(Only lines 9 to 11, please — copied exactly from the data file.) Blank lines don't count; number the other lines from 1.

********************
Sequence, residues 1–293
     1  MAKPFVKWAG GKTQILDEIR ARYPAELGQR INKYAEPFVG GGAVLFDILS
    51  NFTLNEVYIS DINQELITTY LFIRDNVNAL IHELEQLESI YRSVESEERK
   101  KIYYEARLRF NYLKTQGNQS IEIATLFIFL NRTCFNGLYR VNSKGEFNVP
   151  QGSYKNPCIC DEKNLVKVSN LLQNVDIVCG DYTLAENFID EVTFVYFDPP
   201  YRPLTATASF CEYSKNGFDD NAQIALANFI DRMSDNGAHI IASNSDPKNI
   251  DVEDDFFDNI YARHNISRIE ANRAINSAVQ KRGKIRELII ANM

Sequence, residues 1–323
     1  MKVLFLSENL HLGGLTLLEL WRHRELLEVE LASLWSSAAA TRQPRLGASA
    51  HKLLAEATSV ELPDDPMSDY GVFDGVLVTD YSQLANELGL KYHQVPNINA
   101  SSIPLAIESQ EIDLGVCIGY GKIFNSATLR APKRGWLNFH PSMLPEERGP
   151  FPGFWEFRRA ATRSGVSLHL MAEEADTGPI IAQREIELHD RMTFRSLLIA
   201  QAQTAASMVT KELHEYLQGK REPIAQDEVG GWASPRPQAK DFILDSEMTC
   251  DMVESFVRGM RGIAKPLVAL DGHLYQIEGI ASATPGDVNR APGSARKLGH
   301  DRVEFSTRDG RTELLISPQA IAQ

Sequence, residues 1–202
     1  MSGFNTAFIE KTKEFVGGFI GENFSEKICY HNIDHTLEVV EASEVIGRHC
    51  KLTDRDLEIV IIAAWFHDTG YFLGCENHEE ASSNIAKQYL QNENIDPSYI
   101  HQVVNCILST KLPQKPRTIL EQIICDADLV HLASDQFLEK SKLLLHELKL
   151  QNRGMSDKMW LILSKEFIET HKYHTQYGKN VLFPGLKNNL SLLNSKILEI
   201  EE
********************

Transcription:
     1  MKVLFLSENL HLGGLTLLEL WRHRELLEVE LASLWSSAAA TRQPRLGASA
    51  HKLLAEATSV ELPDDPMSDY GVFDGVLVTD YSQLANELGL KYHQVPNINA
   101  SSIPLAIESQ EIDLGVCIGY GKIFNSATLR APKRGWLNFH PSMLPEERGP